Ideas for using the giant World map with secondary school pupils

Ideas for using the giant World MaxiMap floor map with secondary school pupils.

Ann Jones

The main objective of using any map in the series is to provide pupils with a firm bedrock of knowledge upon which they can build further knowledge and skills across a variety of subjects. The giant world map is designed to be used within a classroom or hall and is durable enough to withstand the regular trampling of shod feet; by walking across it pupils can visit areas of the world they have only heard of and relate these areas to their home base. The map should stimulate discussion and observation and lead to the development of conclusions about the world and possibly even its future.

Use of the map should confirm young peoples’ perception of themselves as global citizens and lead them to considerations of their role within it.

Each map in the series represents a considerable investment by a purchasing school and in order to get the best value from its purchase each school should ensure that the map is used regularly across subjects and within the PSD curriculum. The world floor map has been used successfully as an assembly resource and as a base for skills study days; as with any resource clear planning and identification of use to achieve an identified objective is vital.

The value of the MaxiMap is that it is intended to be used proactively by pupils – there are a number of accessory packs available to complement the MaxiMap but teachers will find it possible to create their own accessories to suit their own specific needs. Use of the MaxiMap will constantly throw up new ways of developing it as a resource. It is an approach to learning that has proved useful to pupils but is a method that does not automatically appeal to every teacher as it encourages an informal approach to classroom learning which may be louder than a more formal lesson; however, as long as all pupils are actively engaged and learning then noise level within a classroom should not be a deterrent to employing the MaxiMap. Assessment of what pupils learn can be quickly made in plenary sessions and confirmed in starter sessions in subsequent lessons; perception checks of what pupils know can also be simply made at regular intervals to ensure that their knowledge base is secure. Through use of the MaxiMap pupils should learn about the features of the world – both physical and political ; they should be able to name and locate accurately continents, oceans, seas and major countries and display knowledge of main settlements across the world’s surface; in addition they should be able to relate to topical events, main routes of communication, and be able to understand that events across the world often have hidden links.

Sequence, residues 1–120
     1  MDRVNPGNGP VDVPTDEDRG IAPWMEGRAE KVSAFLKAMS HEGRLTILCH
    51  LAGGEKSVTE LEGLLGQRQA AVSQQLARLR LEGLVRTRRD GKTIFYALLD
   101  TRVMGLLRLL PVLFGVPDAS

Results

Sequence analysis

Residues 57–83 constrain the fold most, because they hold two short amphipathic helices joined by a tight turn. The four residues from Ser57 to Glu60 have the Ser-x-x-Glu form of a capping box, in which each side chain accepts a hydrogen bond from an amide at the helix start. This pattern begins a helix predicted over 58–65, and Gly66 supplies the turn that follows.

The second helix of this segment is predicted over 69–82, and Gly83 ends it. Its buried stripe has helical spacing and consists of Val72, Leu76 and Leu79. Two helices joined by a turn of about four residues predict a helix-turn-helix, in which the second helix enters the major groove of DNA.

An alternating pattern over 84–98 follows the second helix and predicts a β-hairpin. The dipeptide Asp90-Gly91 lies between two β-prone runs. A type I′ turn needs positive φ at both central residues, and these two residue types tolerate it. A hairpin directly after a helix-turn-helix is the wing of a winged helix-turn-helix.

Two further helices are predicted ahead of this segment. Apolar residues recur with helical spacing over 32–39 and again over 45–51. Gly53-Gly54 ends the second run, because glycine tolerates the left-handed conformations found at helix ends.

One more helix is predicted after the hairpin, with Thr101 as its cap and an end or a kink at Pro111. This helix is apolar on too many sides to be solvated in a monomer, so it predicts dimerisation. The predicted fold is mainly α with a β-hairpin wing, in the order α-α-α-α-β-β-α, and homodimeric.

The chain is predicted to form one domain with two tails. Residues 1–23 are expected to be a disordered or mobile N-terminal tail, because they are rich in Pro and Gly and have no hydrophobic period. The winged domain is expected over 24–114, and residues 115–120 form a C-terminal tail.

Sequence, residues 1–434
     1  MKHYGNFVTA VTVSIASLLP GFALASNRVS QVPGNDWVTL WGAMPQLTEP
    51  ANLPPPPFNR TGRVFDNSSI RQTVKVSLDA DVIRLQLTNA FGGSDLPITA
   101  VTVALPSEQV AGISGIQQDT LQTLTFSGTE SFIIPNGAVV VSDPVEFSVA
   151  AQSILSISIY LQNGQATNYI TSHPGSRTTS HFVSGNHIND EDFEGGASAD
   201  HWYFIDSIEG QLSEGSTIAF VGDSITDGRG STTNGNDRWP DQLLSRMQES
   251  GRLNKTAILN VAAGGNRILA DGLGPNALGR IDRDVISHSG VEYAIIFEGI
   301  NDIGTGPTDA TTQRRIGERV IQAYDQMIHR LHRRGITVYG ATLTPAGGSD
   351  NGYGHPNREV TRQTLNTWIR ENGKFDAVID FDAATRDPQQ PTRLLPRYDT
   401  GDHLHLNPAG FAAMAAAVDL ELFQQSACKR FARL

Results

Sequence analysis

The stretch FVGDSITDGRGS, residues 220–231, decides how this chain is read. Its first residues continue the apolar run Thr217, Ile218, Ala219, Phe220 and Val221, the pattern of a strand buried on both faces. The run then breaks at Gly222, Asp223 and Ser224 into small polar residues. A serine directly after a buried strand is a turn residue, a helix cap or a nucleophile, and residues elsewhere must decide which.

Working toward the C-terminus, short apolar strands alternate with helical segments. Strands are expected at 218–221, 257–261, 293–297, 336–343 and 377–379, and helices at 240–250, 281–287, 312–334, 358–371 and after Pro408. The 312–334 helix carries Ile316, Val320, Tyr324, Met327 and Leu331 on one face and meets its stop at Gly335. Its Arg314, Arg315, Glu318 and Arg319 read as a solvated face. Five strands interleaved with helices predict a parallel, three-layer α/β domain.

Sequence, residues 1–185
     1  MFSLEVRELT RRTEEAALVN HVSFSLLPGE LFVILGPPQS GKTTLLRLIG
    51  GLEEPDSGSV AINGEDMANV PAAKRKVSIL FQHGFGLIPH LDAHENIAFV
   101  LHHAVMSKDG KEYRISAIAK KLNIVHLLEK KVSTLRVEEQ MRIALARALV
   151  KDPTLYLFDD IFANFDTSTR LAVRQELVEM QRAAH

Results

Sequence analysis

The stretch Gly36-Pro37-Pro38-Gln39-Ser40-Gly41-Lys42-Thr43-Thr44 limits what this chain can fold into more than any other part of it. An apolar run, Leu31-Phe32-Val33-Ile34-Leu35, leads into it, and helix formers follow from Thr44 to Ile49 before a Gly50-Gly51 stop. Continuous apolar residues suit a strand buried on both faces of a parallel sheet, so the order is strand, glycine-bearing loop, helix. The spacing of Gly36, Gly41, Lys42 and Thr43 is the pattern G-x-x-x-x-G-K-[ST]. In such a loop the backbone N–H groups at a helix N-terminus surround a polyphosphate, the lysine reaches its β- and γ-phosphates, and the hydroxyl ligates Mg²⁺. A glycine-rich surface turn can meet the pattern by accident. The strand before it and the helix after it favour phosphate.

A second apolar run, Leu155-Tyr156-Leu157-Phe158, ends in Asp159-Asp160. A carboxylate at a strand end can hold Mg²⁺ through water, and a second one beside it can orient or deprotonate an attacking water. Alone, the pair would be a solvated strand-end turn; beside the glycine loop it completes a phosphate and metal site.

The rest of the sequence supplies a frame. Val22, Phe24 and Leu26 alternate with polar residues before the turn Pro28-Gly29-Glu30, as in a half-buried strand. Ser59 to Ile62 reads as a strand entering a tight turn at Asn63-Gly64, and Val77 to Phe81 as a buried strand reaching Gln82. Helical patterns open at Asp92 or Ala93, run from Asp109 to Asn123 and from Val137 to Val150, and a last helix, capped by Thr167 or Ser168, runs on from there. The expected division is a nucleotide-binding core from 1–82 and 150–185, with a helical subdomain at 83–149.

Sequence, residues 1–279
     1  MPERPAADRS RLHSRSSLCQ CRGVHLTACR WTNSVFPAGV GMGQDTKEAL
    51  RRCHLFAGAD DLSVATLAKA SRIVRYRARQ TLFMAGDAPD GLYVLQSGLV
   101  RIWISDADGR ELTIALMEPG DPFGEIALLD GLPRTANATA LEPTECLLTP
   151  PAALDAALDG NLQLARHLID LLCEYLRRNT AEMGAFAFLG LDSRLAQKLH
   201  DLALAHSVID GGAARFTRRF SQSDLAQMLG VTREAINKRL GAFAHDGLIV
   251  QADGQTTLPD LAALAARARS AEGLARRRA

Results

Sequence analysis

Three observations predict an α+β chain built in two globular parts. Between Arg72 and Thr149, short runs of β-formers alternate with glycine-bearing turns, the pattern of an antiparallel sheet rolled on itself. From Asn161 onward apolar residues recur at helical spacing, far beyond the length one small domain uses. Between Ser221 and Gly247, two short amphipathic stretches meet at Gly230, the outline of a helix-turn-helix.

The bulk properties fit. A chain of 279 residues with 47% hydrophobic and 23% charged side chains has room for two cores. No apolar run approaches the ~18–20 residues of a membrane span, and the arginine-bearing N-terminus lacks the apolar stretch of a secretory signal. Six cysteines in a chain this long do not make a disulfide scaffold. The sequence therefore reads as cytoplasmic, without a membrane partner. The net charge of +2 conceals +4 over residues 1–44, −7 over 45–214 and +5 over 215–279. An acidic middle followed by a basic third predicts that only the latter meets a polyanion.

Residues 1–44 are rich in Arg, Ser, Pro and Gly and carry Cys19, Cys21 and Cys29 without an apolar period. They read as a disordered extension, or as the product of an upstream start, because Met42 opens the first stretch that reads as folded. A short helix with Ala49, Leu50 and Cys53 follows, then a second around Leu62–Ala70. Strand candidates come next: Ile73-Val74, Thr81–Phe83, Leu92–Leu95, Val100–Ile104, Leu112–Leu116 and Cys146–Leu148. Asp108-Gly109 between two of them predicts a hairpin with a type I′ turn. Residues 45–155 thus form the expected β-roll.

Summary of key aims :-

To give a clear knowledge of the key physical features of the Earth and to explain how this knowledge has been accumulated over time through exploration observation and recording.

To develop knowledge of the features of the Earth such as major mountain ranges, rivers, lakes, oceans and seas, deserts and islands. At the same time expanding their vocabulary of geographical terms to describe land and sea areas.

To develop a knowledge of human aspects of the world; to identify different peoples and examine their living environments, traditions and cultures giving respect to each and recognising their benefits to the world as well as the disadvantages they may face in today’s world society.

To provide a base for coherent questioning which allows both individuals and groups to extend their knowledge through the completion of set tasks. To encourage an acceptance by pupils that all questions have value and all answers – even wrong ones – can push our knowledge base further.

To give pupils confidence in their knowledge by encouraging presentations based on individual experience or research which will enhance the entire teaching groups experience.

In order to use the World MaxiMap effectively it is useful to have within the classroom a world globe and a reliable atlas. Pupils will be familiar with both these resources but may not have used them before; their involvement with the map energises pupil use of both .

The teaching activities suggested in this leaflet state the purpose of each activity and how to pursue it. It cannot be over emphasised that there must be a clear learning outcome in order for any activity to have value, the MaxiMap should be used to stimulate and develop not simply entertain pupils. Extension activities often materialise from the findings and interests of pupils and these can often lead to the development of cross curricular themes which in turn reinforce skills and learning.

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